Women are encouraged to apply. The Tasmanian Government is committed to a target of 50% representation of women across Tasmanian Government boards and committees by July 2020.
For more information go to www.dpac.tas.gov.au/divisions/csrt/programs_and_services/women_on_boards_and_committees
|IFS and AAT inspect the
improved Lake Rowallan
In collaboration with Inland Fisheries Service (IFS), Marine and Safety Tasmania (MaST) and various local contractors, Hydro Tasmania has been working to improve our recreational infrastructure.
The latest achievement has been the boating infrastructure at Lake Rowallan. This large, gravel boat ramp is now functional across the operational range of the lake. The upgrade has realigned and widened the boat ramp, creating an even and gentle slope, with rocks placed along the right hand side to indicate the edge of ramp.
The fishing season at Lake Rowallan opened on Saturday 28 September 2019.
The camp ground area, along Mersey Forest Road, provides visitors a place to stay while on their fishing or camping holiday. This site is only suitable for self-sufficient campers.
Information about recreation sites and amenities in the North West on the Hydro Tasmania website https://www.hydro.com.au/things-to-do/north-west
For further information about access and fishing go to Lake Rowallan brochure
|Please contact us with
tagged fish details
Following the release of 3,500 tagged fish into Bradys Lake during May/June this year, reports of tagged fish captured by anglers have been steadily flowing in. As of 23 September, 19 tagged fish have been captured and reported by anglers. Of these, 9 have been captured from Bradys Lake, 6 from Lake Binney and 4 from Tungatinah Lagoon. This shows a movement ‘downstream’ by the fish. As it’s still early in the season, these fish have yet to put on any notable weight.
Anglers are encouraged to report the capture of these tagged fish, noting the tag number, location captured and if possible the length and weight of the fish. All tags are a distinctive green colour and sit just below the fin on the fishes back. We are also keen to know if any of these tagged fish turn up in Bronte Lagoon.
There is no requirement to release these fish, we just want to know if you catch one, along with the tag number and location.
Click Read More for photos of the tag.
Recently we replaced the barrier net at Four Springs Lake. The barrier net is located across the spillway at the dam and is in place to stop trout escaping in times of flood.
After being in place for several years the old net had become quite brittle from the sun, and had several holes in it. It also had few fishing lures snagged in it!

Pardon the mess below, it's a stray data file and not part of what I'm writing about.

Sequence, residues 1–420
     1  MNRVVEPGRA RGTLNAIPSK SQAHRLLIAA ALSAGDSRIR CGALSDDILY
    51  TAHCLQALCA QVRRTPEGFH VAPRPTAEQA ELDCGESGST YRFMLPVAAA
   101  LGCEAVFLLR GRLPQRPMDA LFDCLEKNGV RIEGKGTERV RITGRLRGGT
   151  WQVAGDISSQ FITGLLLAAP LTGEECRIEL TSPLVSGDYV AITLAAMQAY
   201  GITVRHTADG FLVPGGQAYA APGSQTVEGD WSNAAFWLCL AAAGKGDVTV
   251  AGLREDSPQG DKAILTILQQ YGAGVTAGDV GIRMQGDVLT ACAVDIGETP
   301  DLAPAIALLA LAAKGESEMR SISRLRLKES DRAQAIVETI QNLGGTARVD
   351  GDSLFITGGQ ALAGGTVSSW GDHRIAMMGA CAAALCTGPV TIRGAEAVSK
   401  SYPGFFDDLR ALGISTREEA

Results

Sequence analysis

Anglers are asked to avoid the new barrier net. It is important not to get holes in it from boats and wading.
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Here is a list of all of the Article Categories. The number in Brackets, eg (13) is the number of articles. Click on Derwent River and all articles relating to the Derwent will be displayed in the central area.
Hello everyone, I thought it would be a good time to introduce myself.
My name is Stephen Smith and I have been managing the website tasfish.com since May 2009.
It has been an epic journey of learning and discovery and I am indebted to Mike Stevens for his help, support and patience.
I am developing a new venture Rubicon Web and Technology Training ( www.rwtt.com.au ). The focus is two part, to develop websites for individuals and small business and to train people to effectively use technology in their everyday lives.
Please contact me via www.rwtt.com.au/contact-me/ for further information - Stephen Smith.
Presented from Issue 105, August 2013
Christopher Bassano fishes over 250 days a year. This interview was recorded just before he headed off to fish for Australia in the World Fly Fishing Championships in Norway 14-17 August 2013.
I live on a small stream and at the start of the season I like to go off on a bit of a discovery mission and fish the headwaters of the creeks and rivers I feel an affinity with.
These small rivers include the St Pats, Meander, Forester, Little Forester and others. The further up you go on these rivers the clearer and lower the levels. They are often less affected by the rain and runoff and you get some good opportunities. Get as close to the source as you can and you will find some good dry fly fishing. Don’t limit yourself to those I have mentioned. Most headwaters will hold trout.Read more ...